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Our Technology: Mastitis

Mastitis is caused by bacterial infection of the cow udder – it is described as being either sub-clinical (lower yields and quality of milk due to mild infection, but no obvious clinical signs) or clinical (clumped, discoloured milk, udder swelling, tenderness, animal discomfort, etc). It is a major problem, costing the EU dairy industry approximately €1.55 billion in 2005 and the US dairy industry approximately $2 billion per annum.

Currently, farmers use conventional antibiotics to treat clinical mastitis. During this period and for a period afterwards (the withdrawal period) they are unable to sell this milk on, and so this milk must be discarded. This causes economic loss to the farmer. Mastitis also reduces the quantity of milk a cow produces, and the milk that is produced is of reduced quality. There is a tiered milk payment system in Ireland, and other parts of the world, where milk of the highest quality receives the highest price, with lower quality milk (due to a mastitis infection) receiving a lower price - this is an additional loss arising from clinical or sub-clinical mastitis. Therefore there is a real driver for farmers to have cows free from mastitis producing the highest quality milk.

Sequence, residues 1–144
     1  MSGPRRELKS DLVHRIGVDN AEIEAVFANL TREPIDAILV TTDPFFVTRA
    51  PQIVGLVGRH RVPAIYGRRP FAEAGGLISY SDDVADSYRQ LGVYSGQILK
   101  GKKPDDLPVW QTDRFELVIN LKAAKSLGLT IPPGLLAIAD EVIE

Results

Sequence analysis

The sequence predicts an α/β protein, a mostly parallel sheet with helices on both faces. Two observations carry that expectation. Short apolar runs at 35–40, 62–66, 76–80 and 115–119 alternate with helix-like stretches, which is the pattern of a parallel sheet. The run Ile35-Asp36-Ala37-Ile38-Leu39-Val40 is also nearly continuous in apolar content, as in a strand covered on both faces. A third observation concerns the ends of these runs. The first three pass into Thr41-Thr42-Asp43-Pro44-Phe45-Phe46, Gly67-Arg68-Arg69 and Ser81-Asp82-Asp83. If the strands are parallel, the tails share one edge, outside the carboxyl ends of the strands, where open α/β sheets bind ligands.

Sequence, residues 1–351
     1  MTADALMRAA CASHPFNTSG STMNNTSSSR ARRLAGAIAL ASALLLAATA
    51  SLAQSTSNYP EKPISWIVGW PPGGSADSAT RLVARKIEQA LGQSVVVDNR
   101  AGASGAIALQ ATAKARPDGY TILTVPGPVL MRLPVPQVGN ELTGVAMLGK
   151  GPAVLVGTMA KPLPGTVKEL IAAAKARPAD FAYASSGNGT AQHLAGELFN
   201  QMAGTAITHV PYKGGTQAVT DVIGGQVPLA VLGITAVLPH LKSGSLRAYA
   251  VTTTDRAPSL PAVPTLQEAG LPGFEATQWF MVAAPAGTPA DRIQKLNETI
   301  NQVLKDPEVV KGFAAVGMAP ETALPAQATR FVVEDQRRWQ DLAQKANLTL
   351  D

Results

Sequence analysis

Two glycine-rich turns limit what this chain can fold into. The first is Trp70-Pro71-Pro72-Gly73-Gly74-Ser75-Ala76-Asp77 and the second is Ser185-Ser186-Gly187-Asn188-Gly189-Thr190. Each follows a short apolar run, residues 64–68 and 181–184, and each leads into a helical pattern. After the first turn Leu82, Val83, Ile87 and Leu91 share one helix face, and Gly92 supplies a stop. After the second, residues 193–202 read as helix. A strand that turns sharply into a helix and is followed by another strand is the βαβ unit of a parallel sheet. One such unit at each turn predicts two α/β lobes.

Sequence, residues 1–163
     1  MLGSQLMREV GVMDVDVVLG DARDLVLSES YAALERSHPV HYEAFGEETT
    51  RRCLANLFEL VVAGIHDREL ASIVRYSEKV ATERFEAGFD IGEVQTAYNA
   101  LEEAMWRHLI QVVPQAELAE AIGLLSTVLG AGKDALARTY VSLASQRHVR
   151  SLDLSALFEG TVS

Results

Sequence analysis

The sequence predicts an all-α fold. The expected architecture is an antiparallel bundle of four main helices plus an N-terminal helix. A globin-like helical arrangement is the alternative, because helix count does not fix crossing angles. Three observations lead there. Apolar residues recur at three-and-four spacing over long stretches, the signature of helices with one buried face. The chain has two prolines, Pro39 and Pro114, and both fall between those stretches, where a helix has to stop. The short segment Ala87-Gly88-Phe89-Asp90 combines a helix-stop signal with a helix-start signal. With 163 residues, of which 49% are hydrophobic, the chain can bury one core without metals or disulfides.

Current antibiotics used to treat mastitis can be ineffective, cause milk to be discarded for a number of days (up to 8.5 days) and, should a cow be unable to be treated, it will be culled, causing an additional economic loss to the farmer, as this cow will need be replaced. Current antibiotic treatments become even less effective as the animal ages, due to the emergence of drug resistance. A recent estimate by Veterinarian Peter Edmondson suggests that efficacy can be as low as 5% (a 1 in 20 cure rate; Irish Farmers Journal 22/9/2012) in older animals, although these can often be the most productive in terms of milk quality and quantity. Similarly, should a cow begin to show signs of infection the farmer can be caught in a difficult situation: He can treat the cow with antibiotics in the hope of preventing the onset of a full clinical mastitis infection, though he will have to discard the milk during and after this treatment (at an economic cost); or do nothing and accept lower milk yields and lower milk prices, while risking the emergence of an acute mastitis outbreak in his herd?

PanaMast LC avoids these issues and thus has the potential to become a truly disruptive technology in the treatment of mastitis.